WHAT IS IT ABOUT HOSPITALS?

 

We leant on the windowsill checking out the silver birches. Yesterday, the one on the left had some bright green leaves in the middle of the tree and the one on the right had no leaves at all. Today the left hand one was a haze of green and the other now also had patches of life. The leaves themselves were crisply defined in the morning sun.

But what was also interesting was the tree felling in the little park opposite. I’m used to seeing window cleaners abseiling down our building with buckets and sponge mops attached to their harnesses, but here the man attached to the tree had a chainsaw hanging from his belt. Gradually, he worked his way down the tree, lopping branches as he went, then sections of the trunk until the tree was a small stump and he was standing as he cut it down to ground level.

‘Well, shall we go for our walk?’ I asked Lyn.

“Yes. Let’s do it.’

We left the room for the first time since arriving, me in my hospital dressing gown and Jan in her own. She was small and the one-size-fits-all was far too long for her. I liked mine. It was a heavy pale blue striped cotton and fitted me well. We were each still in our surgical white stockings, me in my Birkies and Jan in her slippers.

‘Bye!’ we called to nurses behind the desk opposite our door.

So off we headed, exploring the labyrinth of our floor at the Cabrini. It turned out to be a long loop of a corridor with patients on the outside and admin rooms in the core of the building. We chatted away. She was an 82 year old retired nurse and good company. By the time we had solved the administrative and nursing problems of the hospital and done a quick run down of this that and the other, we were back at our room, ready to hop into bed for a little rest before lunch.

We had each had our surgeries done the previous afternoon and during the evening chatted to each other from our opposite beds and brewed up a plan that we were not ready to go home the next morning as expected. I didn’t feel that my pain management was sorted out enough and she didn’t feel ready to go home by herself. Besides, I felt that I wanted a rest. I wanted to be brought my meals, have a bit of a chat with Lyn who I liked, and have a read and just catch up with myself.

So that morning when the surgeon arrived, I explained that although I knew he thought I was ready to go home, I wanted to stay in another day. He was a bit surprised but was ok with that. I had heard Jan having the same conversation with her surgeon who had arrived even earlier than mine. We were set for the day.

I know that people usually like to get out of hospital as soon as they can but I have a strange attachment to them

I had been happy to get dropped off at Entrance B and go through Door H to DOSA  (Day of Surgical Admission) on the First Floor by myself. There was a check in desk right in front of the lift doors. A cheerful young man had all my details ready. I felt the relief you have at the airport when they find your name on their computers and start checking you in. I sat and waited for a few minutes before being taken to a cubicle with a pile of instructions about stripping, dressing gowns, clothes in bag, special underpants and socks, and everything to be put in a locker except for reading classes and to wait, ‘Over there’. OK.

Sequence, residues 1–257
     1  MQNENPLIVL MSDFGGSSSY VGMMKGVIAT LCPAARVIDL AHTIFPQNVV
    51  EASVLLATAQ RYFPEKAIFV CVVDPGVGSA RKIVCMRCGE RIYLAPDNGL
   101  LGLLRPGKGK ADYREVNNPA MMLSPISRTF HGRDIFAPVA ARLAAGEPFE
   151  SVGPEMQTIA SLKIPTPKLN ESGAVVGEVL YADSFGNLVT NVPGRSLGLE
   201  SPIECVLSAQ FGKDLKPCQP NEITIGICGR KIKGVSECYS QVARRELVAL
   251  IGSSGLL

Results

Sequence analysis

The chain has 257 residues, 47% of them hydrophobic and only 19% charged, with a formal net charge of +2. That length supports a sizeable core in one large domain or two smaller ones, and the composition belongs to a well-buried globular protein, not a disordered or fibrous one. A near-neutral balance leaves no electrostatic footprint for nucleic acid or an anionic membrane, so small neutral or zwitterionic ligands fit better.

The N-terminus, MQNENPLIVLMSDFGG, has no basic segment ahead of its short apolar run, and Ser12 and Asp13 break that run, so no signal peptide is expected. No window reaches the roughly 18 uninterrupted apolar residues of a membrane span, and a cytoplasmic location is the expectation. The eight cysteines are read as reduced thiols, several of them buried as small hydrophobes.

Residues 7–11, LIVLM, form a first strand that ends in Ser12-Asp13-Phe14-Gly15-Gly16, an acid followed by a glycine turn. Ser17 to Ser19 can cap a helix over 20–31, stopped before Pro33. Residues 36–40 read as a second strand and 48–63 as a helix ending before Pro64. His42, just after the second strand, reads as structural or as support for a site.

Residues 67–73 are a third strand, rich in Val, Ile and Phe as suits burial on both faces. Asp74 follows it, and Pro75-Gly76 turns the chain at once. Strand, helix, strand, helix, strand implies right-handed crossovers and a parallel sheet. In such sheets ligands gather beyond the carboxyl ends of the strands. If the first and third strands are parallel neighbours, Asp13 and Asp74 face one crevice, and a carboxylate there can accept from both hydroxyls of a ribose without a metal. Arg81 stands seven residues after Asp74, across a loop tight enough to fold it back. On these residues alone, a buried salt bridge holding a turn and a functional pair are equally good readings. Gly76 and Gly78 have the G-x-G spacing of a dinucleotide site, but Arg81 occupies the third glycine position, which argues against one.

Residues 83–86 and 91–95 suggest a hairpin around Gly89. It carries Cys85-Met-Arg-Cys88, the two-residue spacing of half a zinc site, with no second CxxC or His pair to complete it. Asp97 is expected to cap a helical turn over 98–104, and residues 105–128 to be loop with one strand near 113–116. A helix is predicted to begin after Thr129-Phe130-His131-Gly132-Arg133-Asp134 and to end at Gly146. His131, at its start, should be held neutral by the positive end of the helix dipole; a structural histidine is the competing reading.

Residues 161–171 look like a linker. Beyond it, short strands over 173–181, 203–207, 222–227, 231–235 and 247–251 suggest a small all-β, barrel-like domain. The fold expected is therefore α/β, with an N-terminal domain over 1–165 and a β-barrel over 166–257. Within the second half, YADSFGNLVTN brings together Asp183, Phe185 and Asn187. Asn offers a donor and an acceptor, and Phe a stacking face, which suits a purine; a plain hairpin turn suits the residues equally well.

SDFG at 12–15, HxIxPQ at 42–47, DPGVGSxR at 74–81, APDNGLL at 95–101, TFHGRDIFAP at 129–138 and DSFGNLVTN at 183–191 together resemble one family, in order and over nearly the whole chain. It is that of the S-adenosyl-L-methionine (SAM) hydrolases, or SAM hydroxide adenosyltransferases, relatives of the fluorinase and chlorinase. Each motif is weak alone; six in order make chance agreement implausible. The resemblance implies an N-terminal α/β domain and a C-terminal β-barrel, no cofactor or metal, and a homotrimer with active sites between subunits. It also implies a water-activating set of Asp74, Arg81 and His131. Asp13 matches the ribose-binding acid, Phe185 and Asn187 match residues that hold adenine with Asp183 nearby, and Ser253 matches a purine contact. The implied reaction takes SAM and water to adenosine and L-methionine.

And there I was, waiting with a few others, all stripped bare except for our regulation underpants and bright orange socks, the ubiquitous dressing gown and in my case holding my reading glasses in their turquoise case. I was very pleased with their locker system because sometimes all your stuff is just in a great big paper bag underneath your bed, which doesn’t feel very secure.

From then on, I was swept through the system: my specs put into a bigger clear plastic box that went with me under the bed, into the operating theatre, then recovery, until finally I was wheeled along the corridors to a four bedded room. I discovered later that my belongings had been moved to a locker in this room, waiting for me. I was about to be decanted into a bed back from the window but saw an empty bed next to the window.

‘Is there any chance that I could have that window bed, please? I’d love to be by the window.’

‘Why not,’ they decided and there I was, in a bed by the window, looking at the evening sky and a bare branched silver birch. Eventually some soup and sandwiches came, as did Jan in the place opposite.

I read a bit, listened to the ABC Classics on my phone and felt quite pleased with my room and companion.

What is it about hospitals?

Usually I have a feeling of relief at finally getting there so that my problem can be solved, whether it’s delivering a baby, or perhaps relieving the months of pain and restrictions by getting a new hip joint.

I trust doctors to do the right thing.

I don’t mind some pain as part of the process of getting my body working again.

I like being part of a huge system which is dedicated to me and which ever part of the body needs attention this time. I like the way that everyone works together with one goal in mind. It reminds me of what I liked about working in a school. That we were all there to make each child feel good and learn.

Mum tells me that Dad used to take me on his hospital rounds at the weekend when I was a baby. I could imagine how exciting it would have been for the patients to have a baby carried into the ward. Maybe I just want all that attention again!